Both Great Expectations and David Copperfield are characterised by the close relationship between the characters and their immediate environment. This is emblematic of all Dickens' novels, reflecting Dickens' own life, recreating his experiences and journeys, using people and places to symbolise feelings and emotions.
David Copperfield opens to `Pip' in a churchyard on the eerie marshes of Kent sombrely reading his parents' gravestones. Dickens describes the scenery as:
"Dark flat wilderness...intersected with dykes and mounds and gates, with cattle feeding on it, was the marshes; and that the low leaden line beyond was the river; and that the distant savage lair from which the wind was rushing, was the sea" (Dickens 6)
This creates a picture of grey gloominess, which embodies how Pip is feeling at the time, as in the next sentence, he starts to cry. The sea is described as a "distant savage lair" (6), and the prison ship which is in the distance, on the sea, known as `The Hulks', Pip describes as "a wicked Noah's Ark" (39). This implies that he is scared of the sea, and The Hulks, and as this is most likely reflecting his state of mind, the reader presumes that this is how he feels a lot of the time when he is at home with Mrs. Joe and on the marshes. Home is a very uncomfortable place for Pip, made so by his sister and the contempt she holds for Pip.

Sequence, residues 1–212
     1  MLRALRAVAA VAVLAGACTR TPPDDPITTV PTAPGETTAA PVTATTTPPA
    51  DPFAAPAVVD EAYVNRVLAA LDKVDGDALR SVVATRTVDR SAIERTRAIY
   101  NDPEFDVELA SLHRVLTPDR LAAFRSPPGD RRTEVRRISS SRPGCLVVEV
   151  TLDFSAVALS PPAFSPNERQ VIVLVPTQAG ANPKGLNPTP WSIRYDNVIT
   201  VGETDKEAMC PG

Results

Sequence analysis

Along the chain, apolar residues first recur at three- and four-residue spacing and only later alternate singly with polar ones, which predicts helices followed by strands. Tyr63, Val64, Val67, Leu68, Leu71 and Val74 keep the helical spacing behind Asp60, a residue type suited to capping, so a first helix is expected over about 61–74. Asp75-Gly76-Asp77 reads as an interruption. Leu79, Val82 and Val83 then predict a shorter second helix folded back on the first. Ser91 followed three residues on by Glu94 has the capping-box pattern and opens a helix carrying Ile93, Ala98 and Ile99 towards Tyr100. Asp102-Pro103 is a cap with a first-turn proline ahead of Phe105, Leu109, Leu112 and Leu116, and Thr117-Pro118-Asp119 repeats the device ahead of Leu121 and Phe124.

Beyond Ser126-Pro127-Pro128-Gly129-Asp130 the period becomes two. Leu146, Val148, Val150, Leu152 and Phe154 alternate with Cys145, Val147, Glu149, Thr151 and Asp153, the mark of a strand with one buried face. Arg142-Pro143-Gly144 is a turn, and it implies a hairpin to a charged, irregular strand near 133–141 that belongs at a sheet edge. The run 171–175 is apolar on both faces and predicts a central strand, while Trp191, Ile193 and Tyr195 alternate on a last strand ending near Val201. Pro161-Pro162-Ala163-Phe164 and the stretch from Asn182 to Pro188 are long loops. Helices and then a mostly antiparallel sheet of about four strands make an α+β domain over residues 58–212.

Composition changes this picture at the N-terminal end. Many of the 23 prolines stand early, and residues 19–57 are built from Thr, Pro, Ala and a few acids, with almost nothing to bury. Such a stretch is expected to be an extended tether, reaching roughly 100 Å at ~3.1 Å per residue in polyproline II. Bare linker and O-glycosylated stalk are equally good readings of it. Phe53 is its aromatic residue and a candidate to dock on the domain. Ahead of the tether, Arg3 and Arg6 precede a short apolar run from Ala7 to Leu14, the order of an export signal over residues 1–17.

In chapter eight, Pip finds himself at Satis House, home of Miss Havisham. Everything tha...
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...n times because travelling was just becoming a possibility, what with developments with transport, and people wanted to read about travelling, journeys and moving around. The Micawbers, in David Copperfield become "purposeful travellers, emigrating to Australia along with the Peggottys'." (Slater, 103) Magwitch, in Great Expectations is also for part of the novel, abroad, in New South Wales. This opened up the possibilities for Victorians to travel.
Andrews, M. Dickens on England and the English. Harvester Press, Sussex: 1979
Dexter, W. The England of Dickens. Purnell, England: 1925
Dickens, C. David Copperfield, Penguin, London: 1994
Dickens, C. Great Expectations, Penguin, London: 1994
Schwarzbach, F. S. Dickens and the City, Athlone Press, London: 1979
Slater, M. An Intelligent Person's Guide to Dickens. Duckworth, London: 1999
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